The idea of taking your own phone with your own SIM card and actually using it overseas would normally be the idea of someone with deep pockets or complete ignorance of the fees and charges involved. That is all set to change with new and very generous international roaming plans entering the market
You’ve seen the stories, traveller returns from holidays to find a $10,000 or even $100,000 bill from the cost of using calls, or perhaps more likely internet data while travelling overseas. The fault each and every time actually sits with the user, however blame is fairly and squarely with the telcos who have until recently failed to adequately notify customers of the potential costs.
Earlier this year regulation was announced which requires telcos to send text messages to customers on arrival in other counties and also send notifications while overseas of excess usage – this single change shifted that “blame” back onto the consumer – there was no longer a way to say “I didn’t know” – in fact the telcos could argue “we told you so”.
In recent weeks a fundamental shift in this market has occurred with Vodafone and Optus both announcing new pricing structures for overseas travellers.
The Optus approach is to divide the world into a couple of regions and set out very clear pricing for calls, texts and data use in those areas. Additionally they are making available a $10 a day option which removes the worry with calls and texts making them unlimited and gives you a 30mb per day data allowance.
If you happened to be overseas for 30 days you are going to pay $300 for 900mb of data while travelling. The trick being to restrict your usage to that daily limit.
The $10 a day packs are in what Optus call’s “Zone 1” only (Asia, Canada, US, New Zealand, UK, Europe, Pacific Islands – so you are covered in most of the world but not Middle East, Africa or Latin America)
If you go over the $10 a day pack, you revert to the pay as you go rates so you will need to keep an eye out for those usage charges. The $10 pack in Zone 1 covers 98 countries, while the new pay-as-you-go rates cover 182 countries.
While that’s a good idea, in my view Vodafone have made things even easier – however it’s limited to just three countries.. (Update: Vodafone have now expanded the plan further across Europe to an additional 30+ countries)
Vodafone announced today their new “Red” plans ($65,$85,$100 month) which give users the option of the $5 per day roaming while in the US, UK and New Zealand on their normal plan entitlements.
That means unlimited calls, texts and your normal monthly data allowance comes with you. So for a 30 day trip away you will pay $150 for unlimited calls and texts within the country you are in (UK,US Or NZ) and also back to Australia, along with your normal data allowance (starting at 1.5gb on the $65 plan).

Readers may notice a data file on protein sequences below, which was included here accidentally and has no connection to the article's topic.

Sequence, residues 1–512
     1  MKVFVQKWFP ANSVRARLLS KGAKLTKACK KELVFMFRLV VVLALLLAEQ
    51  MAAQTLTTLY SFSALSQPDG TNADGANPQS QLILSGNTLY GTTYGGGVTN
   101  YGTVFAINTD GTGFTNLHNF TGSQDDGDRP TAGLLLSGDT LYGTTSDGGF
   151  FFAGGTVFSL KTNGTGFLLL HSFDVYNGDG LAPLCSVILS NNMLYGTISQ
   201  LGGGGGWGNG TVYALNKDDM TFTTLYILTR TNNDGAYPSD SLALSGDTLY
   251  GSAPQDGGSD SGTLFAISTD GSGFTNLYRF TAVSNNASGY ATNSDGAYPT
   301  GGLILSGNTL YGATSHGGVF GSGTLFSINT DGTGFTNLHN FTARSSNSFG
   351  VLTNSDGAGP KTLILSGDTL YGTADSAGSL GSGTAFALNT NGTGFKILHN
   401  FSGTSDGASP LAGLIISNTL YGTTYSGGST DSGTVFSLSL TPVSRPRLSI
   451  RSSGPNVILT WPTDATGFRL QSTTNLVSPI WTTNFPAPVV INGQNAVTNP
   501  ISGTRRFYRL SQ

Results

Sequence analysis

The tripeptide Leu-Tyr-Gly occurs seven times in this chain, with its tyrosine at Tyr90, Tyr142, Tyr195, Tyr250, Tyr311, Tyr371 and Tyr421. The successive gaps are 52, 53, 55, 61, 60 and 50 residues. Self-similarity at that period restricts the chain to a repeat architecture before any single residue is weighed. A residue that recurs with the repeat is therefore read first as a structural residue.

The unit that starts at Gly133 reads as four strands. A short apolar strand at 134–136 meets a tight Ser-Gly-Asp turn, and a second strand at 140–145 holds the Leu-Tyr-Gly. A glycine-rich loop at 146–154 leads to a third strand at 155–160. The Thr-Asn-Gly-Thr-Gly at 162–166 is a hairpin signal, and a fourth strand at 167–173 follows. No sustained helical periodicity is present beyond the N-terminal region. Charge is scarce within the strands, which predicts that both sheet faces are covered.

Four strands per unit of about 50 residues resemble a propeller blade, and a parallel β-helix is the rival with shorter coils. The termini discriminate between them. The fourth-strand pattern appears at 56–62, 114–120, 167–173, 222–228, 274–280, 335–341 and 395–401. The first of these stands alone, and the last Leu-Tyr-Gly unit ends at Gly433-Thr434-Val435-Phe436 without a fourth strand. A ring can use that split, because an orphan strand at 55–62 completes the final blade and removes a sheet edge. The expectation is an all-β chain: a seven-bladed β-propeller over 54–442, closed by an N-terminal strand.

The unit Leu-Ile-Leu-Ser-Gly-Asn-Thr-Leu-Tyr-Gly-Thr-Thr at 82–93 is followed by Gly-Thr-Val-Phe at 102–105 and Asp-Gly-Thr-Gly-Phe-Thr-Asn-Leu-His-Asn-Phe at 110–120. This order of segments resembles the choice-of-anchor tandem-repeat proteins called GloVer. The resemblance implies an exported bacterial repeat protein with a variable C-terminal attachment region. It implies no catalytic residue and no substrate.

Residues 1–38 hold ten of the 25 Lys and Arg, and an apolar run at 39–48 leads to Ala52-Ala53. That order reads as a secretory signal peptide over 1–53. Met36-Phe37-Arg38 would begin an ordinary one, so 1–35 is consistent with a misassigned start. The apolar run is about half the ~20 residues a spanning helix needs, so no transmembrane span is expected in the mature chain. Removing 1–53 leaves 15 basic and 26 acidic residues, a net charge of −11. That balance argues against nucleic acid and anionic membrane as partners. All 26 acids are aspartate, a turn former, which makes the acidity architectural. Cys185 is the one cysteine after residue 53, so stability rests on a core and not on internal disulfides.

Consider shorter term trips though and how easy this makes things. 5 days in the USA and for $25 you can call and text anyone in the US or Australia worry free. And with data if you have a 1.5gb plan and you use 1gb while overseas, you still have 500mb to use back at home in Australia – if you need more data just bolt on a $10 1gb data pack.
I recently joined Vodafone CEO Bill Morrow on a short trip to Queenstown New Zealand where we almost literally painted the town red taking part in the kind of activities a tourist might enjoy over the course of a week. While this was without doubt a bunch of fun, it demonstrated one thing very clearly to me – when you are having a blast on holidays you probably want to tweet photos, share photos on Facebook and Instagram or just call your family from the highest snow topped mountain. And why on earth should you worry about how much that is going to cost?
The Vodafone plan has one other simple advantage, you don’t pay the $5 if you don’t use your phone that day. So turn the phone off, leave it in the hotel and there is no charge. If you want to use it, the $5 is automatically added to your bill, you don’t have to call home and activate the service.
I’d like to hope the Vodafone plan will expand to other countries soon (see Update above), but in the meantime if you’re travelling far and wide the Optus option certainly presents you with greater transparency than ever before on charges.
Top marks Optus and Vodafone for turning what has been a nightmare for consumers for many years into a genuine option for consumers to actually use their smartphones on holidays.
At the time of writing Telstra has not announced any change to its international roaming options, they are still advising customers to pay for an additional international Data pack before travelling. Given the announcements from Optus and Vodafone I would expect an announcement from Telstra isn’t too far away.
Trevor Long travelled to Queenstown NZ as a guest of Vodafone Australia and Virgin Australia